First month CD4 cell count change

15.9 (12–26)

 

Sex

Male

 

391(49.4%)

Female

 

401(50.6%)

Level of education.

No educ.

 

160 (20.2%)

Primary

 

205 (25.9%)

Secondary

 

273(34.5%)

Tertiary

 

154 (19.4%)

Residence area

Urban

 

468 (59.1%)

Rural

 

324 (40.1%)

Marital status

Living with partner

 

355 (44.8%)

Living without Partner

 

437(55.2%)

Level of income

Low income (<  500 ETB per month)

 

355 (44.8%)

Middle income (5001–999 ETB per month)

 

346 (43.7%)

High income (≥1000ETB per month)

 

91(11.5%)

WHO stages

Stage I

 

101(12.8%)

Stage II

 

258 (32.6%)

Stage III

 

199 (25.1%)

Stage IV

 

234 (29.5%)

Disclosure level of disease to families

Yes

 

575 (72.6%)

No

 

217 (27.4%)

Owner of cell phone/memory aids

Yes

 

400 (50.5%)

No

 

392 (49.5%)

First month dose adherence

Yes

 

392 (49.5%)

No

 

400 (50.5%)

First month food adherent

Yes

 

385 (48.6%)

No

 

407 (51.4%)

First month time adherent

Yes

 

350 (44.2%)

No

 

442 (55.8%)

First month adherence to HAART

Yes

 

540 (68.18%)

No

 

252 (31.82%)

Social support

Yes

 

500 (63%)

No

 

292 (37%)

All included and excluded sample units in this cohort had almost the same baseline characteristics (age, base line CD4 cell count, weight, gender). Applying independent samples t-test for quantitative variables and proportion for categorical variables in SPSS, we had weight (means, included in the study = 57.5 kg and those excluded in the study = 59 kg, p-value = 0.73), and gender (male included in the study = 54.5% and excluded from the study = 53%, p-value = 0.78). The mean ages of patients in non-adherent and adherent groups were 48.1and 26.3 years, respectively. This indicated that more youngsters were optimally adhered to HAART as compared to elders. Similarly, the average changes in CD4 cell counts in first month of the treatment were 8.7 and 19.6 cells per mm3 for non-adherent and adherent patients respectively. Adherence rates for baseline characteristics of patients presented at Table 2, shows that all categories of predictors except residence area (p-value = 0.079) had very strong relationship with the response variable, optimal adherence to HAART. The Chi-square tests of association and their respective p-values are indicated in Table 2.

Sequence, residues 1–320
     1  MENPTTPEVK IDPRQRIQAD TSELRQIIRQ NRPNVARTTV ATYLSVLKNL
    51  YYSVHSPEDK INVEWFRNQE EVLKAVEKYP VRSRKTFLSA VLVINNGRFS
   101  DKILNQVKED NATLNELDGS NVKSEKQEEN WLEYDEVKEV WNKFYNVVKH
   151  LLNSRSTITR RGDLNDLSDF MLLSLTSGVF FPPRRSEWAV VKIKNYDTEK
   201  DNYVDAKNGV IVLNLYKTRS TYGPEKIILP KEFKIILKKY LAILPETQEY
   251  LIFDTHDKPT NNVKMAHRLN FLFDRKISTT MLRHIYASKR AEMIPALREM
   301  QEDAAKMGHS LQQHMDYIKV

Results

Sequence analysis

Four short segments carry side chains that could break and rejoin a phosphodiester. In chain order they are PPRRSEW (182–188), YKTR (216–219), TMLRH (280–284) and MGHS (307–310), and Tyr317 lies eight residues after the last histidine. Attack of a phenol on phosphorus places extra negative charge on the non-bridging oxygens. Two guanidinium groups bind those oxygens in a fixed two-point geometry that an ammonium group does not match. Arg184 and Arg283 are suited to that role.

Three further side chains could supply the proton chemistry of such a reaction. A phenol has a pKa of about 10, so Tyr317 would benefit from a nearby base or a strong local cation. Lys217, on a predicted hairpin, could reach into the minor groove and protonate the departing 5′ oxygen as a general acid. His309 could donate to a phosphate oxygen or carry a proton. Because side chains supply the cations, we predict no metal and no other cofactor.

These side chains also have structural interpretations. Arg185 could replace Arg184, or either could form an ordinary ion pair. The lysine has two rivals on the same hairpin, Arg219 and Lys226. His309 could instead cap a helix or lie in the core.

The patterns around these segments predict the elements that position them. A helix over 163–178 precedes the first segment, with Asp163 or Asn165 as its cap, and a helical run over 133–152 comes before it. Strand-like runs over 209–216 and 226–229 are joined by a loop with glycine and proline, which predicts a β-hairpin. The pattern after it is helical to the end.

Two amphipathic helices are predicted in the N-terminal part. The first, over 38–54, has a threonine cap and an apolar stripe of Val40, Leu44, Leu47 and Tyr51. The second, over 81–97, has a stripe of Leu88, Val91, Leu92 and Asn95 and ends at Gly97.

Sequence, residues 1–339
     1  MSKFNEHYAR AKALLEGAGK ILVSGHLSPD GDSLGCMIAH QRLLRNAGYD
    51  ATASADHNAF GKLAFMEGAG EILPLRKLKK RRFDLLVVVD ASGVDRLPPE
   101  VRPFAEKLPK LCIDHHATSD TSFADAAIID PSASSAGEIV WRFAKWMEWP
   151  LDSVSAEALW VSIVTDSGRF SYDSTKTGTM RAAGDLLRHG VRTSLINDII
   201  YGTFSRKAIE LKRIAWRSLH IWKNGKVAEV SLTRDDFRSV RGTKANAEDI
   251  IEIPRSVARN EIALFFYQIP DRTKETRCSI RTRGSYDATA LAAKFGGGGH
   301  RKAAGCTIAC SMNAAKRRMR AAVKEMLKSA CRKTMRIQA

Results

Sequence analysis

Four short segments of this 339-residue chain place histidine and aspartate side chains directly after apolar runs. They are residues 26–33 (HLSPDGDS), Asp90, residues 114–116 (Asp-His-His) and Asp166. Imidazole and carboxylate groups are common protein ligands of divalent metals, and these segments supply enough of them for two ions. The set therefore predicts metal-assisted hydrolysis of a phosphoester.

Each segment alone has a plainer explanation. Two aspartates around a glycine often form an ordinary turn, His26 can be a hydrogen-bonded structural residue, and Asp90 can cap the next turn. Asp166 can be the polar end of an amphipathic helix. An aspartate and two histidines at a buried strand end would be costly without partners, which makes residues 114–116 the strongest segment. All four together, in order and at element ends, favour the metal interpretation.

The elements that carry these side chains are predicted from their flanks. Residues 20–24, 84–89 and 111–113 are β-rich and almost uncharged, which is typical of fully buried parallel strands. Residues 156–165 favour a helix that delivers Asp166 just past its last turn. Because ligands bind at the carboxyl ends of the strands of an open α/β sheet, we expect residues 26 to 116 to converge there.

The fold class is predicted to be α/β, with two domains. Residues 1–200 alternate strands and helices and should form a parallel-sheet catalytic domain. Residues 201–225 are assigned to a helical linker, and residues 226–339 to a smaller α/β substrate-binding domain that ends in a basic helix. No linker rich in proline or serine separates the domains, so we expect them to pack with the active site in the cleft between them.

Table 2

Adherent rates by baseline characteristics of study participants

Category of predictors

Patients’ adherence rate

Total

P-value)

Non-adherent n (%)

Adherent n (%)

Residence area

Rural

300 (28.4)

114 (71.6)

324

0.079

Urban

228 (31.4)

150 (68.6)

468

Educational background

No education

208 (80)

52 (20)

260

0.000

Primary

190 (69.1)

85 (30.1)

275

Secondary

35 (34)

68(66)

103

Tertiary

10 (6.5)

144 (93.5)

154

Marital status

Living with Partner

51 (14.4)

304 (85.6)

355

0.000

Living without partner

188 (43)

249 (57)

437

Gender

Female

97 (24.8)

294 (75.2)

391

0.018

Male

142 (35.4)

259 (64.6)

401

Household income

Low income

165 (46.5)

190 (53.5)

355

<  0.001

Middle income

116 (35.5)

230 (64.5)

346

High income

 

91 (100)

91

Owner of cell phone

With cell phone

51 (9.4)

490 (91.6)

541

<  0.001

Without Cell phone

60 (23.9)

191(76.1)

251

Level of Disclosure

Disclosed the disease

18 (4.8)

357 (95.2)

375

 

Not disclosed the disease

339 (81.3)

78 (18.7)

417

<  0.001

WHO stages

Stage I

4 (4)

97 (96)

101

0.001

Stage II

96 (37.2)

162 (62.8)

258

Stage III

124 (62.3)

75 (37.7)

199

Stage IV

163 (69.7)

71 (30.3)

234

Yes

120 (24)

380 (76)

500

<  0.001

Patients who got social support

No

192 (65.8)

100 (34.2)

292